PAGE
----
Saturday, November 12, 2016
That Might Have Been Part of
Writing for The Guardian, Thomas Frank, known for his leftist apologia, What's the Matter With Kansas?, considers how the Democrats might have contributed to their own electoral demise:
Put this question in slightly more general terms and you are confronting the single great mystery of 2016. The American white-collar class just spent the year rallying around a super-competent professional (who really wasn't all that competent) and either insulting or silencing everyone who didn't accept their assessment. And then they lost. Maybe it's time to consider whether there's something about shrill self-righteousness, shouted from a position of high social status, that turns people away.That is part of it, and the condescension and intolerance often come from a lack of ideological self-awareness. As for the protests, I liked the following speculation, although I can no longer recall the source: Perhaps these snowflake rebellions are fueled in part by the fear that they will be on the receiving end of what they wanted to do to conservatives.
I wish Frank well in prompting some soul-searching among his ideological compatriots, and may it go much further than he intends! But I have strong reservations, given the habit of so many of them to pre-empt debate. Consider the odious term, "mansplaining," which is popular in the culture and is often used by leftists to smear their ideological opponents. It holds a grain of truth: Some men in this day and age somehow do regard women as little better than children and talk down to them, even when they do, in fact, know less about a subject. But the term is also used to pre-empt debate or consideration of opinions different from one's own by making it easy to imply ignorance. Note how foolish it would sound to attempt to say that vast swaths of the American electorate were being "mansplained" to -- by self-proclaimed champions of women. It's as if it is impossible to be condescending when dispensing leftist positions, or for women to be condescending. People who make a habit of smearing opponents get that way for a reason, and it isn't because they have grounded their views in logic and the facts of reality. If they did, they would welcome debate, both as the chance it would represent to persuade others of their views (when correct) and as the chance to clarify or correct their own.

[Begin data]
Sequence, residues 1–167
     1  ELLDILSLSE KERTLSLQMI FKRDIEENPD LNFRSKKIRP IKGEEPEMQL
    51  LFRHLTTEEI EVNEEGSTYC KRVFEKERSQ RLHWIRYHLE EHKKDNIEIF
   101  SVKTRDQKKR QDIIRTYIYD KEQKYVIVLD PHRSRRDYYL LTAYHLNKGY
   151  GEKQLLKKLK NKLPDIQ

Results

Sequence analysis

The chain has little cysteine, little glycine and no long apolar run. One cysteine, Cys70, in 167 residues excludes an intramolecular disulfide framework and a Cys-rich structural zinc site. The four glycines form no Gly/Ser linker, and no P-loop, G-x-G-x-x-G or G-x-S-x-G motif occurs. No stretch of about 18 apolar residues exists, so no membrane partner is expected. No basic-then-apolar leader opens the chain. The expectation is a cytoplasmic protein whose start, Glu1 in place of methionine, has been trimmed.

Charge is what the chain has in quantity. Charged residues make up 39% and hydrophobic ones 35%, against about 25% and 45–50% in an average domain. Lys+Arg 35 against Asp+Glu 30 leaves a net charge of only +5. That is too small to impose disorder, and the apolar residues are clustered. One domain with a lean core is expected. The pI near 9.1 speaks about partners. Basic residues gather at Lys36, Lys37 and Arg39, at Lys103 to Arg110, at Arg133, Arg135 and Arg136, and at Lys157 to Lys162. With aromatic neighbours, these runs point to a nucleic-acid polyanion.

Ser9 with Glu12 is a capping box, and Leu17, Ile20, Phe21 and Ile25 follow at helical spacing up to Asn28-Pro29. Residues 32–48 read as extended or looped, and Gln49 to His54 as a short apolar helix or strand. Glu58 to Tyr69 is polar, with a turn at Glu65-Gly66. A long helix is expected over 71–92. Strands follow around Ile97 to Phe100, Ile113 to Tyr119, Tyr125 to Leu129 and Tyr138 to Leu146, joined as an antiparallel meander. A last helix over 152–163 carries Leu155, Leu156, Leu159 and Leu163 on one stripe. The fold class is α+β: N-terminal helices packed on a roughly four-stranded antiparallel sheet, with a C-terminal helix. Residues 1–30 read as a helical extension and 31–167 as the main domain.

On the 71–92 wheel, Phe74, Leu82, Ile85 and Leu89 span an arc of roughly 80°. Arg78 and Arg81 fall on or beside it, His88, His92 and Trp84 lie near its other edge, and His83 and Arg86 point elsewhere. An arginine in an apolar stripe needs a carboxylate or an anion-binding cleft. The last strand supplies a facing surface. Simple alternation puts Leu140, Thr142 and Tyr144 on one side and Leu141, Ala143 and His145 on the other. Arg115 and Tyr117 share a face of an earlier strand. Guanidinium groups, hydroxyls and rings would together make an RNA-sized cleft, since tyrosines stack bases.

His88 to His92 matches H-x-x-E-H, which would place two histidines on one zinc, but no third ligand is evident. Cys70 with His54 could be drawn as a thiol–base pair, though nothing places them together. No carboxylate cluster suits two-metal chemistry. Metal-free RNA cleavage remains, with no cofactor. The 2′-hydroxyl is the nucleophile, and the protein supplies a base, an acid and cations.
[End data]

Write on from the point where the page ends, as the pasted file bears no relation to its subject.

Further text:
"Have you ever spoken your 'emotional mind' to somebody and then felt foolish afterwards?" -- Michael Hurd, in "Think Before You Speak -- or Click!" at The Delaware Wave
"It's contradictory to expect the other party to be motivated by something, i.e., selflessness, that would never motivate you." -- Michael Hurd, in "Unblocking a Stalled Relationship" at The Delaware Coast Press
I Guess I'm USB-Abstinent
The word of the week is, "USB Condom," defined by Word Spy as follows:
A modified USB adapter that prevents data from being stolen or malware from being installed when a mobile device's USB cable is plugged into a public charging station.The only time I'd ever need one of those is when I'm traveling, in which case, I just bring along my own chargers. But with that unforgettable term, if things change such that I am regularly tempted to use such a facility, I'll be sure to get one of these.